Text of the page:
Officials share images of ‘persons of interest’ in fires set during unrest in Chicago

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CHICAGO — Officials with federal and local law enforcement released photos and videos of 19 “persons of interest” Tuesday in connection with fires set during the unrest which followed the police killing of George Floyd last month.

As protesters took to the streets to decry Floyd’s murder, federal authorities said others took advantage of the chaos to steal from and vandalize businesses, leaving parts of the city in flames.

Police say these were not protesters, but instead criminals that caused long-lasting damage. Now they’re looking for 19 people who might have been involved in some 53 suspected arsons last month.

On Tuesday, Chicago police released partial videos of crimes which occurred between May 30 and June 3, along with still photos of individuals referred to as “persons of interest” in the fires. Officials said the images came from “countless hours” of surveillance video.

“If we are truly to ever heal we need to make sure these arsonists are brought to justice,” Chicago Police Department Superintendent David Brown said. “Business owners of Chicago saw their hopes and dreams go up in flames with these fires.”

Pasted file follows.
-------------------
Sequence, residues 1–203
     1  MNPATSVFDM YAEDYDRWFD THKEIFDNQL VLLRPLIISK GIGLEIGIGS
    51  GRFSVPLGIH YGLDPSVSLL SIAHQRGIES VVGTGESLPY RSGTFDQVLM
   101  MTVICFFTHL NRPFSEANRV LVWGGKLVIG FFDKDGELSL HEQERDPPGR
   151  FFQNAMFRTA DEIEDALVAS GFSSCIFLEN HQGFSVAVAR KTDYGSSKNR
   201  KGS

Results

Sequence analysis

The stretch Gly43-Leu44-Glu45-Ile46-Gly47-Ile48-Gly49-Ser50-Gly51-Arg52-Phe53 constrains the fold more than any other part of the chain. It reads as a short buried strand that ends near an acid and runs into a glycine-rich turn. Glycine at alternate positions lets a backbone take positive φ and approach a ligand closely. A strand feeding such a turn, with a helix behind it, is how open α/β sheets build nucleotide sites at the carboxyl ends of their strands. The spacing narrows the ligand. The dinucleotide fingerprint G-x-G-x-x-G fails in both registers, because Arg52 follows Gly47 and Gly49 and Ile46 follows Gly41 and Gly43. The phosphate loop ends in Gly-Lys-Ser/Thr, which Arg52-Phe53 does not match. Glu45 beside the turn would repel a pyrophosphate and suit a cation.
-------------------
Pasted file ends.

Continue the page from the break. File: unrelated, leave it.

The videos show people aimlessly walking the street, some combing through businesses with flashlights, some were even caught on video actually starting the fire. From the Loop to River North, West Pullman to West Englewood and Austin, businesses, police cars and other buildings burned.

Investigators say it’s not just dreams that burned, but hope for communities that will now have to live with even more blighted buildings. In the very same communities that have suffered for decades from economic disinvestment, some will never reopen.

Officials said any tips (including the ID number of the person from the image) can be submitted anonymously by email to, online at or through CPD’s anonymous hotline at (312) 745–6233.

Business owners are also urged to contact police or ATF if they have additional video to share.

WATCH ABOVE: Federal and local law enforcement officials ask for the public’s help identifying arson suspects

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